Thomas Friedman writes a pretty good column in the Times today, Worth a Thousand Words:

“… There is much to dislike about this war in Iraq, but there is no denying the stakes. … this is a war between some people in the heart of the Arab-Muslim world who – for the first time ever in their region – are trying to organize an election to choose their own leaders and write their own constitution versus all the forces arrayed against them.

[. . .] However this war started, however badly it has been managed, however much you wish we were not there, do not kid yourself that this is not what it is about: people who want to hold a free and fair election to determine their own future, opposed by a virulent nihilistic minority that wants to prevent that. That is all that the insurgents stand for.

[ . . . ] What is terrifying is that the noble sacrifice of our soldiers, while never in vain, may not be enough. We may actually lose in Iraq. The vitally important may turn out to be the effectively impossible.”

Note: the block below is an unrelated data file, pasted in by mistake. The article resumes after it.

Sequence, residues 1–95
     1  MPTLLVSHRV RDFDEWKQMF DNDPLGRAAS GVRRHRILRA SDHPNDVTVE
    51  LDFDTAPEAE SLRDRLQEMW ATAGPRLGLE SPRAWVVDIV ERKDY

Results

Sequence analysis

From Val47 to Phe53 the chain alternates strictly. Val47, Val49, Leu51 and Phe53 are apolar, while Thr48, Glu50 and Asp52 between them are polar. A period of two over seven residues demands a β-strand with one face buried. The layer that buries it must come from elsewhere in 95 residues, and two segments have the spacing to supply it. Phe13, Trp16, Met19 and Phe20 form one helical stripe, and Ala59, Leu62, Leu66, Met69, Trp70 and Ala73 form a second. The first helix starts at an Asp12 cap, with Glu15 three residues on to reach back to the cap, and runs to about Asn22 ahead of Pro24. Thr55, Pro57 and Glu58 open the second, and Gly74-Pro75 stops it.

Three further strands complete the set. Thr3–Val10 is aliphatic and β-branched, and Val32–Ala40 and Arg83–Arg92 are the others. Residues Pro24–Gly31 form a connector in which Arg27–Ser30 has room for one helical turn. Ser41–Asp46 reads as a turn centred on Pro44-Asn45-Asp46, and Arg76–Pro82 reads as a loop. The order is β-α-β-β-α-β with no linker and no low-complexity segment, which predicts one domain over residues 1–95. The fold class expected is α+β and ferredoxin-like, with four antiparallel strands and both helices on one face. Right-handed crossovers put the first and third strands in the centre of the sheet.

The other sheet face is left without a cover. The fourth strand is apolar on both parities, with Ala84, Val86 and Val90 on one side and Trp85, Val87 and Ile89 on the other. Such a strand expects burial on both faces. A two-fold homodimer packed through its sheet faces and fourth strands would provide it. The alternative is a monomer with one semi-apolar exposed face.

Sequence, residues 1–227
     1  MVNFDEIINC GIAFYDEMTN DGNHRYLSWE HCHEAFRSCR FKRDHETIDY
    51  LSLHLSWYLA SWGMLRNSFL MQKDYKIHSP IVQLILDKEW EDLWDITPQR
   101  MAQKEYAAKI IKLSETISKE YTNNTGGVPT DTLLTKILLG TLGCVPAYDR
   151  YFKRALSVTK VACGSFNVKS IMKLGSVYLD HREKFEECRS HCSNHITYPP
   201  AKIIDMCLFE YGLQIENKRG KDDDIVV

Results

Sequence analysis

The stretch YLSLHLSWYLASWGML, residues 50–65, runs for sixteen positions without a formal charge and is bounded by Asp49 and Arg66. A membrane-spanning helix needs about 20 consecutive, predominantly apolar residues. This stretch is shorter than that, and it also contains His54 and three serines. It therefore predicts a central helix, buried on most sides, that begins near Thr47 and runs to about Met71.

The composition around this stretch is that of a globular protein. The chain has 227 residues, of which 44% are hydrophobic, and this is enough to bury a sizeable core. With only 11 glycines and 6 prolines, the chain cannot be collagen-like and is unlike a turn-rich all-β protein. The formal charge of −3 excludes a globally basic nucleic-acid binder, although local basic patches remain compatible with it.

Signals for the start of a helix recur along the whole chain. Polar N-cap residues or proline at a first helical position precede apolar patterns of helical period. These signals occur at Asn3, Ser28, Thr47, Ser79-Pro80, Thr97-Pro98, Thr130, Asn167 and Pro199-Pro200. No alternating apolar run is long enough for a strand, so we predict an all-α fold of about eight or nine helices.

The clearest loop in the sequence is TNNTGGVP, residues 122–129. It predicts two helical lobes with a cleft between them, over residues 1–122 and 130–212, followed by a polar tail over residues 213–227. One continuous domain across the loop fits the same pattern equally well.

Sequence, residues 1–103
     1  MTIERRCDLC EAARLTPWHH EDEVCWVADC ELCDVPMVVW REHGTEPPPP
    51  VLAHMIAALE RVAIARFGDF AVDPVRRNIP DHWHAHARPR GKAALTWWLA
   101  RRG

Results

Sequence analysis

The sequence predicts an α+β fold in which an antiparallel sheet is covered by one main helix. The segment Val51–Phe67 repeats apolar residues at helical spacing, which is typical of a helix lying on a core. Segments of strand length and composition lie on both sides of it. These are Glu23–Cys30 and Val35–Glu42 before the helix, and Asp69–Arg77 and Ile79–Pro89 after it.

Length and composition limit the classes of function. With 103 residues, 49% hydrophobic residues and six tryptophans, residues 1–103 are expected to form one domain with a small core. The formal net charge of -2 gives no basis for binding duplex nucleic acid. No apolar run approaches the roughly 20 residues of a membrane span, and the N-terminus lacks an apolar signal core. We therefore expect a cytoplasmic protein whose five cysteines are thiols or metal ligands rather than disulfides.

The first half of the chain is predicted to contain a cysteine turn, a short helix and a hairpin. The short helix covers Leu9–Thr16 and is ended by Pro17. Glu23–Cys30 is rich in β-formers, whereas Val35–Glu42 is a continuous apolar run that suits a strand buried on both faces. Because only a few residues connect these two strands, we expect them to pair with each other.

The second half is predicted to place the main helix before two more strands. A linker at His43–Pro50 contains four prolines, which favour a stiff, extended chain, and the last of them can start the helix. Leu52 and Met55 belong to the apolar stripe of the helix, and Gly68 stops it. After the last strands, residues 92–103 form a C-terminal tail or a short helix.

Yes, those are the “facts on the ground” now — thanks to Bush. We caused this horrible situation — even more horrible for the people in Iraq than for our troops there — and we have to try to help them form a government now, and work to calm things down. But then Friedman gets it entirely wrong, buying into right-wing framing:

“We may lose because most Europeans, having been made stupid by their own weakness, would rather see America fail in Iraq than lift a finger for free and fair elections there.”

The Europeans and others are not refusing to help in Iraq, they are refusing to help when the offer is entirely on Bush’s terms! The Europeans are not buying into the typical Republican trick of offering their solution and then casting anyone who won’t do it their way as obstructionist.